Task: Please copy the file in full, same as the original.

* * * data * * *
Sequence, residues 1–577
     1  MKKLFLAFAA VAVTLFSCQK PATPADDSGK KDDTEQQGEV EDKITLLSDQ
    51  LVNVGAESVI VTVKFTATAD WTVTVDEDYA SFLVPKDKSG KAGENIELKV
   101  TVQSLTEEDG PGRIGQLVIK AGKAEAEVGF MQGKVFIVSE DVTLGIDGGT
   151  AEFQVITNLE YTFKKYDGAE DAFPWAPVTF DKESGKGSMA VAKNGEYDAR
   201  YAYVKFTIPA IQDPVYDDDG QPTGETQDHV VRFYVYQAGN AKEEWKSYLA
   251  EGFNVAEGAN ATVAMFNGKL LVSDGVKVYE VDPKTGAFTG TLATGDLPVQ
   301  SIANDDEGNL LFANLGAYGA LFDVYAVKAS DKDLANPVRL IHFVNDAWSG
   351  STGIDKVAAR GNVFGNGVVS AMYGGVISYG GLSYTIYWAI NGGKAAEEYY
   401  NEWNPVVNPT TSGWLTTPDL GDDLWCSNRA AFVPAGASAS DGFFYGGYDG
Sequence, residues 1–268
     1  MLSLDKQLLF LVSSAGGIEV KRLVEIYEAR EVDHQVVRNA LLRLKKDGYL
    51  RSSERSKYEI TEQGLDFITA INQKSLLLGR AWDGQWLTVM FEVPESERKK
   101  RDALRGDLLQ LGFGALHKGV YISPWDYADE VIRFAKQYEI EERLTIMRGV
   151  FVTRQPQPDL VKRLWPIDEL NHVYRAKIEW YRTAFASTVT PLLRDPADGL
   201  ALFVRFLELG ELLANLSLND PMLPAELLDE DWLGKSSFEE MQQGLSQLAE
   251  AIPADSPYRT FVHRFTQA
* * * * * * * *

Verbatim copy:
Sequence, residues 1–577
     1  MKKLFLAFAA VAVTLFSCQK PATPADDSGK KDDTEQQGEV EDKITLLSDQ
    51  LVNVGAESVI VTVKFTATAD WTVTVDEDYA SFLVPKDKSG KAGENIELKV
   101  TVQSLTEEDG PGRIGQLVIK AGKAEAEVGF MQGKVFIVSE DVTLGIDGGT
   151  AEFQVITNLE YTFKKYDGAE DAFPWAPVTF DKESGKGSMA VAKNGEYDAR
   201  YAYVKFTIPA IQDPVYDDDG QPTGETQDHV VRFYVYQAGN AKEEWKSYLA
   251  EGFNVAEGAN ATVAMFNGKL LVSDGVKVYE VDPKTGAFTG TLATGDLPVQ
   301  SIANDDEGNL LFANLGAYGA LFDVYAVKAS DKDLANPVRL IHFVNDAWSG
   351  STGIDKVAAR GNVFGNGVVS AMYGGVISYG GLSYTIYWAI NGGKAAEEYY
   401  NEWNPVVNPT TSGWLTTPDL GDDLWCSNRA AFVPAGASAS DGFFYGGYDG
Sequence, residues 1–268
     1  MLSLDKQLLF LVSSAGGIEV KRLVEIYEAR EVDHQVVRNA LLRLKKDGYL
    51  RSSERSKYEI TEQGLDFITA INQKSLLLGR AWDGQWLTVM FEVPESERKK
   101  RDALRGDLLQ LGFGALHKGV YISPWDYADE VIRFAKQYEI EERLTIMRGV
   151  FVTRQPQPDL VKRLWPIDEL NHVYRAKIEW YRTAFASTVT PLLRDPADGL
   201  ALFVRFLELG ELLANLSLND PMLPAELLDE DWLGKSSFEE MQQGLSQLAE
   251  AIPADSPYRT FVHRFTQA